Three different Ntsevu lionesses were found at separate points across Londolozi on a morning drive recently. Two of those lionesses are currently rearing small cubs. The third was mating with the Othawa male near the river, way further east than anyone from Londolozi has seen that male lion before.
Tracks of the rest of the pride were heading into the central parts of the reserve.
The fracturing of the Ntsevu pride that we have long anticipated may well be upon us; there are just simply too many moving parts within the pride dynamics for things to continue as normal. The adult lionesses are coming back into oestrus or have already had new litters, the Birmingham males are ageing and the Othawa male seems to be pressing deeper into Londolozi all the time.
Although it’s not like the pride will split apart from today and we won’t see them as a whole again (at least in the current numbers), with lionesses denning small cubs at different points on the reserve and therefore forced to spend time apart from the bulk of the pride, the days may well be numbered in which we see a unified front of 20 lions all on the move together. (Or is it 19, I can never remember).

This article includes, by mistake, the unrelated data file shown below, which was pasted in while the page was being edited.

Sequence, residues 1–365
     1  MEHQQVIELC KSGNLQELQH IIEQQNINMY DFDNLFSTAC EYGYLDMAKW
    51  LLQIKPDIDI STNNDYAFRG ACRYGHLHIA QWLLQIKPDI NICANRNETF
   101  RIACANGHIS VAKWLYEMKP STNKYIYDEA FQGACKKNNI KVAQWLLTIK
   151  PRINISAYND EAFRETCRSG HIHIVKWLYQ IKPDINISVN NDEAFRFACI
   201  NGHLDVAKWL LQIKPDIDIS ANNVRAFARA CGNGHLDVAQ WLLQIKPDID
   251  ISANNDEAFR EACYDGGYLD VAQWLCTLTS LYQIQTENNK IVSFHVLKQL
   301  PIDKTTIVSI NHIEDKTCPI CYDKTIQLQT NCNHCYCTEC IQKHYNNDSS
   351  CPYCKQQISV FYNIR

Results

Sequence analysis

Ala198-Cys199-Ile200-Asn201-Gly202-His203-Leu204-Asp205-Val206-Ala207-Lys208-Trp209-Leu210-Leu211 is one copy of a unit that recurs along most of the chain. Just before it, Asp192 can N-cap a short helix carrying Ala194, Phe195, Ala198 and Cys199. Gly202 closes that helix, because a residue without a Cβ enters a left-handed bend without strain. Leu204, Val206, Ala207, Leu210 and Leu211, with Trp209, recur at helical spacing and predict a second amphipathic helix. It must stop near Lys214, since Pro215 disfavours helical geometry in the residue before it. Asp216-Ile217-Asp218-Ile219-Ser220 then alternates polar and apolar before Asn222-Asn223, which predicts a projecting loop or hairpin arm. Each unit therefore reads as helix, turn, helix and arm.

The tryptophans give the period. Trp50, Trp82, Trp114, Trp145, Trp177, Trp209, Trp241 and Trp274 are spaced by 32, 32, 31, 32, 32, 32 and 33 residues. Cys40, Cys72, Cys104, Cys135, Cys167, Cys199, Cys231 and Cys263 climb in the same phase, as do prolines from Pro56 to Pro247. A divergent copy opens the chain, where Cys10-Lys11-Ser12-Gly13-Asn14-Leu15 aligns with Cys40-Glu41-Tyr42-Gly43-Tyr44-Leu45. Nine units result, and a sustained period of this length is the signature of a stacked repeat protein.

The lionesses and newest cubs are going to be seen solo a lot more we think, forced to spend time away from the pride as they remain close to their cubs in order to provide them with milk.
Maybe they will all reunite, but their movements – or at least their numbers when we find them – are likely to be extremely inconsistent this summer. Three lionesses here, the sub-adults and a lioness there, two Birmingham males with a Mhangeni female… it will be hard to keep track, and since a lioness for the most part look very much like another, I guess we’ll have to be extra careful with the calls we make when it comes to identifying who’s who.